Pancreatic cancer is a disease in which malignant cells are found in the tissues of the pancreas. This also can be referred to as exocrine cancer.
Estimated new cases and deaths from pancreatic cancer in the United States each year:
- New cases: 37,170
- Deaths: 33,370
Pancreatic cancer is sometimes called a "silent disease" because early pancreatic cancer often does not cause symptoms. But, as the cancer grows, symptoms may include:
- Pain in the upper abdomen or upper back
- Yellow skin and eyes, and dark urine from jaundice
- Loss of appetite
- Nausea and vomiting
- Weight loss
People with pancreatic cancer may have several treatment options. Depending on the type and stage, pancreatic cancer may be treated with surgery, radiation therapy, or chemotherapy. Some patients have a combination of therapies.
Surgery may be used alone or in combination with radiation therapy and chemotherapy.
The surgeon may remove all or part of the pancreas. The extent of surgery depends on the location and size of the tumor, the stage of the disease, and the patient's general health.
- Whipple procedure: If the tumor is in the head (the widest part) of the pancreas, the surgeon removes the head of the pancreas and part of the small intestine, bile duct, and stomach. The surgeon may also remove other nearby tissues.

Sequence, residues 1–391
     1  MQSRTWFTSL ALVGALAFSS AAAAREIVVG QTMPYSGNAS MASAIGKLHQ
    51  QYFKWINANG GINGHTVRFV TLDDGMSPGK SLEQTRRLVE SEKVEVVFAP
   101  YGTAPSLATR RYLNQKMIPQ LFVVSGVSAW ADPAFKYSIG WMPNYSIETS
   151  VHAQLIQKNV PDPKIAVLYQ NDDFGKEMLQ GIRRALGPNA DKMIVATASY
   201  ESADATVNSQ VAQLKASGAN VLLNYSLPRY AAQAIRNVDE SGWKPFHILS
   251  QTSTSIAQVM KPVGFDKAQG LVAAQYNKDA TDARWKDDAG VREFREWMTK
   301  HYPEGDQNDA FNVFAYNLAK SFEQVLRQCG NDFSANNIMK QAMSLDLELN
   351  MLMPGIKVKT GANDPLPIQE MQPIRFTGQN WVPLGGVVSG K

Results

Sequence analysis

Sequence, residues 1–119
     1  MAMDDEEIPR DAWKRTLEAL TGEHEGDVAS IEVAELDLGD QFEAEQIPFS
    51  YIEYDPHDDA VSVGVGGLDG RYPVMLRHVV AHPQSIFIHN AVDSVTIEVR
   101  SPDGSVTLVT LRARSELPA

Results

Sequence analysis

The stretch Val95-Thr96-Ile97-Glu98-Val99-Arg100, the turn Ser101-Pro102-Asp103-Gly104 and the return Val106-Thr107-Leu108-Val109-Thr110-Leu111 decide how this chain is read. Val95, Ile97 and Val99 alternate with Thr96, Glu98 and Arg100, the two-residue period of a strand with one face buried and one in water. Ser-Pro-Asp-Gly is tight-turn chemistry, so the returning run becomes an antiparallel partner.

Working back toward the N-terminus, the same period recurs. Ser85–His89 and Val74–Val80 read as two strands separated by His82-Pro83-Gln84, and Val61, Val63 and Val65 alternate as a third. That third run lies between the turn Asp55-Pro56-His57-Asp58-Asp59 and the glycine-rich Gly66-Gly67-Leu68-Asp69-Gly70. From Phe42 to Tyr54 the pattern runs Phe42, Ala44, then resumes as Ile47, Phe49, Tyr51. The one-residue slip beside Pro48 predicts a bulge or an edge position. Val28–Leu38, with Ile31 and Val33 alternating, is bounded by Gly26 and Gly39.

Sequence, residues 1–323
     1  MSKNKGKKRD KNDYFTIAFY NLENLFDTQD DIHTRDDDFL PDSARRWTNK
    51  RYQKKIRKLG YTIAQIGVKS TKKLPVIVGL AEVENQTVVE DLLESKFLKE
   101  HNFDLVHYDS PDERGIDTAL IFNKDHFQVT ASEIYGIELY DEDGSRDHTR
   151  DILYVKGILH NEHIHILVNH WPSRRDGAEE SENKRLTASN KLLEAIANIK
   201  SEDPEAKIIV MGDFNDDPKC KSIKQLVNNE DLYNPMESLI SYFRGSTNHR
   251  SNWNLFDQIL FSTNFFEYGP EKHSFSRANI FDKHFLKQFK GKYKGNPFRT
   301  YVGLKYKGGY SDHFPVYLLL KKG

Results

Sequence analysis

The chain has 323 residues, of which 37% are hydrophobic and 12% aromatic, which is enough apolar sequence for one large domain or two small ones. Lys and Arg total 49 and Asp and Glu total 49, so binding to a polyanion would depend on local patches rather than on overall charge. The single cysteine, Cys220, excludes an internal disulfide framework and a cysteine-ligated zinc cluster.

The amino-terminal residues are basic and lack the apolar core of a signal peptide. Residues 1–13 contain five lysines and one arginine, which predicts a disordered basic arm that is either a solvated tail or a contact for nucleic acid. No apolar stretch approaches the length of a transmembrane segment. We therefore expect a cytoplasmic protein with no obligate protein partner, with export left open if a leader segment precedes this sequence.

- Distal pancreatectomy: The surgeon removes the body and tail of the pancreas if the tumor is in either of these parts. The surgeon also removes the spleen.
- Total pancreatectomy: The surgeon removes the entire pancreas, part of the small intestine, a portion of the stomach, the common bile duct, the gallbladder, the spleen, and nearby lymph nodes.
Sometimes the cancer cannot be completely removed. But if the tumor is blocking the common bile duct or duodenum, the surgeon can create a bypass. A bypass allows fluids to flow through the digestive tract. It can help relieve jaundice and pain resulting from a blockage.
The doctor sometimes can relieve blockage without doing bypass surgery. The doctor uses an endoscope to place a stent in the blocked area. A stent is a tiny plastic or metal mesh tube that helps keep the duct or duodenum open.
After surgery, some patients are fed liquids intravenously (by IV) and through feeding tubes placed into the abdomen. Patients slowly return to eating solid foods by mouth. A few weeks after surgery, the feeding tubes are removed.